In vitro effects of zinc, D-aspartic acid, and coenzyme-Q10 on sperm function

Endocrine. 2017 May;56(2):408-415. doi: 10.1007/s12020-016-1013-7. Epub 2016 Jul 15.


Reactive oxygen species favor reproductive processes at low concentrations, but damage spermatozoa and decrease their fertilizing capacity at high concentrations. During infection and/or inflammation of the accessory sex glands reactive oxygen species overproduction may occur which, in turn, may negatively impact on sperm motility, sperm DNA fragmentation, and lipid peroxidation. A number of nutraceutical formulations containing antioxidant molecules have been developed to counteract the deleterious effects of the oxidative stress. A recent formulation containing zinc, D-aspartic acid, and coenzyme-Q10 is present in the pharmaceutical market. Based on these premises, the aim of the present study was to evaluate the effects of this combination on spermatozoa in vitro. The study was conducted on 24 men (32.2 ± 5.5 years): 12 normozoospermic men and 12 asthenozoospermic patients. Spermatozoa from each sample were divided into two control aliquots (aliquot A and B) and an aliquot incubated with zinc, D-aspartic acid, and coenzyme-Q10 (aliquot C). After 3 h of incubation, the following parameters were evaluated: progressive motility, number of spermatozoa with progressive motility recovered after swim-up, lipid peroxidation, and DNA fragmentation. Incubation with zinc, D-aspartic acid, and coenzyme-Q10 maintained sperm motility in normozoospermic men (37.7 ± 1.2 % vs. 35.8 ± 2.3 % at time zero) and improved it significantly in asthenozoospermic patients (26.5 ± 1.9 % vs. 18.8 ± 2.0 % at time zero) (p < 0.01). This resulted in a significantly higher (p < 0.01) number of spermatozoa with progressive motility recovered after swim-up in both normozospermic men (4.1 ± 0.9 vs. 3.3 ± 1.0 millions) and asthenozooseprmic patients (3.2 ± 0.8 vs. 1.6 ± 0.5 millions). Finally, a statistically significant lower sperm lipid peroxidation was found after incubation with zinc, D-aspartic acid, and coenzyme-Q10 (p < 0.05) in both normozospermic men (1.0 ± 0.4 % vs. 2.4 ± 0.9 %) and asthenozooseprmic patients (0.2 ± 0.1 % vs. 0.6 ± 0.2 %). No statistically significant effect was observed on sperm DNA fragmentation. This nutraceutical formulation may be indicated in vitro during the separation of the spermatozoa in the assisted reproduction techniques, during which the spermatozoa undergo an increased oxidative stress.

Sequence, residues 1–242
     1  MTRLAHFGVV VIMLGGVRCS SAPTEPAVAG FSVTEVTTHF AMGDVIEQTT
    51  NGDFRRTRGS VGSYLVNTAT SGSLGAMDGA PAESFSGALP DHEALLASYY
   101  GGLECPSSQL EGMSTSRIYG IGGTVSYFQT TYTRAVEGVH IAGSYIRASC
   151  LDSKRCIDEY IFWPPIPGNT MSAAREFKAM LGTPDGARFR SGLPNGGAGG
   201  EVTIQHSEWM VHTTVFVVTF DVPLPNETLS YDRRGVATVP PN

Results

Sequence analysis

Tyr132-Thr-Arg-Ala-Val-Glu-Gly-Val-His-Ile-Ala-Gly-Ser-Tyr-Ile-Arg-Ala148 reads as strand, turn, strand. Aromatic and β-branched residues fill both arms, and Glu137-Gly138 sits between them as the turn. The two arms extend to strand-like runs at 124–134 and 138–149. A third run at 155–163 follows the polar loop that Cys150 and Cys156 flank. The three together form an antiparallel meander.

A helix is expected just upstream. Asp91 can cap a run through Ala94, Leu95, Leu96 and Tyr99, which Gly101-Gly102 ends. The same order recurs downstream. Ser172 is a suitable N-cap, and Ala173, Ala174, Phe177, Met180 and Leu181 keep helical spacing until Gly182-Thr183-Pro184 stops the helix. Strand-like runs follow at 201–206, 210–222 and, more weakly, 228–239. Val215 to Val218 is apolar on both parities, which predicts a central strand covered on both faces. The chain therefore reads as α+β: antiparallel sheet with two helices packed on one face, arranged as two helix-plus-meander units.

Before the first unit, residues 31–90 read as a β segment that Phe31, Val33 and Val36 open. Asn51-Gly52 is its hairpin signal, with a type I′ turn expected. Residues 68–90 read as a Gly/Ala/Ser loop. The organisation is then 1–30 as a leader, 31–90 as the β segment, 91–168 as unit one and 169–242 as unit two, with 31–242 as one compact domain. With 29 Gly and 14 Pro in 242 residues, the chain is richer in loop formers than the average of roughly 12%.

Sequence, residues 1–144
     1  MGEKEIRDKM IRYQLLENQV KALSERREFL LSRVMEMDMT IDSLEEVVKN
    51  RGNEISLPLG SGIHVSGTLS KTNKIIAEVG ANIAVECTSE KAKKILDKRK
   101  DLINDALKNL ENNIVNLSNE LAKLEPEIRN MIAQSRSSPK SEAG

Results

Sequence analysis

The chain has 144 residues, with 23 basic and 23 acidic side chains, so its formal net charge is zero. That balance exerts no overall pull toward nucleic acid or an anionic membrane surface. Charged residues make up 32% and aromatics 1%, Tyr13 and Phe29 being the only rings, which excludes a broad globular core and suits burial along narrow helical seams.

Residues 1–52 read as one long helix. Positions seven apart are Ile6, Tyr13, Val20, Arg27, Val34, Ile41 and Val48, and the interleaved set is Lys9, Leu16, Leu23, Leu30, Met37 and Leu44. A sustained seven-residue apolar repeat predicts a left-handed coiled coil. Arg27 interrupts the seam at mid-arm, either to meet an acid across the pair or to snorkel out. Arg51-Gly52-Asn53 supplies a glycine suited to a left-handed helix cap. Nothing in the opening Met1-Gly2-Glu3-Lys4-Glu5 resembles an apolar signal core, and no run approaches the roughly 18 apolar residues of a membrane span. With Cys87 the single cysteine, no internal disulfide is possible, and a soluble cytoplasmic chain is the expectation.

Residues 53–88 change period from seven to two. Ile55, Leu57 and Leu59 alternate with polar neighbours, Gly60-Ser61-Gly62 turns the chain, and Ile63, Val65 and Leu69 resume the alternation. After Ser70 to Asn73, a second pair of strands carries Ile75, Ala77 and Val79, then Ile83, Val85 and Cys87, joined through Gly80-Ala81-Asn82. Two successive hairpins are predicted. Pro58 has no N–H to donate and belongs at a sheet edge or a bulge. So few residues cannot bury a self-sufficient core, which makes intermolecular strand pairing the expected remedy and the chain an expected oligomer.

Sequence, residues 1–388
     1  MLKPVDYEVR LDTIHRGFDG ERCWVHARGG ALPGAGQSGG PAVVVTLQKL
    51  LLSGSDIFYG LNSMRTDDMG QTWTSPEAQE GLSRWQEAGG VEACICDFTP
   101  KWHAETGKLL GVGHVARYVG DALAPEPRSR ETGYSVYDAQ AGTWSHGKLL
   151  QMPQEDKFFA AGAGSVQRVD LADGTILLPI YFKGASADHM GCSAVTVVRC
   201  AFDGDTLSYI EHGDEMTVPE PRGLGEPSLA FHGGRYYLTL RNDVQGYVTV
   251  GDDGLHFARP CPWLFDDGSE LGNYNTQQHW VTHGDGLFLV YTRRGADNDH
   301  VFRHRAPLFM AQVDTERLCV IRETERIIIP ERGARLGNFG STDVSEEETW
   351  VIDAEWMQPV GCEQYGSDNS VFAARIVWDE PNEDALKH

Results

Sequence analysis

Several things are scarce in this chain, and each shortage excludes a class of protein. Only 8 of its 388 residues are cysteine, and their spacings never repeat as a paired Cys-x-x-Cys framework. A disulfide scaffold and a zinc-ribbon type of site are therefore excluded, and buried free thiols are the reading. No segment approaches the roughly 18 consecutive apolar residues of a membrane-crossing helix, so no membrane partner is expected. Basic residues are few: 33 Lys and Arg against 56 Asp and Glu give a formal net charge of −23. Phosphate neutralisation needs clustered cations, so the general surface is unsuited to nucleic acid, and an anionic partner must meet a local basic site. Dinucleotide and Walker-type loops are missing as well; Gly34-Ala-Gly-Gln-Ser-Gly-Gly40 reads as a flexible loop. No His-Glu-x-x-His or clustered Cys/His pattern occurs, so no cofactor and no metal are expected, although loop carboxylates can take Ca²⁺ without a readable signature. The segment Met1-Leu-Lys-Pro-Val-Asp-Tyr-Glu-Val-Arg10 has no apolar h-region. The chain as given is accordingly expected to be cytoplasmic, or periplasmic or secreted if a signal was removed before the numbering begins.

Keywords: DNA fragmentation; Infertility; Oxidative stress; Semen analysis; Sperm motility.

MeSH terms

  • Adult
  • Asthenozoospermia / physiopathology
  • D-Aspartic Acid / pharmacology*
  • DNA Fragmentation / drug effects
  • Humans
  • Lipid Peroxidation / drug effects
  • Male
  • Oxidative Stress / drug effects*
  • Sperm Motility / drug effects*
  • Spermatozoa / drug effects*
  • Spermatozoa / physiology
  • Ubiquinone / analogs & derivatives*
  • Ubiquinone / pharmacology
  • Zinc / pharmacology*


  • Ubiquinone
  • D-Aspartic Acid
  • coenzyme Q10
  • Zinc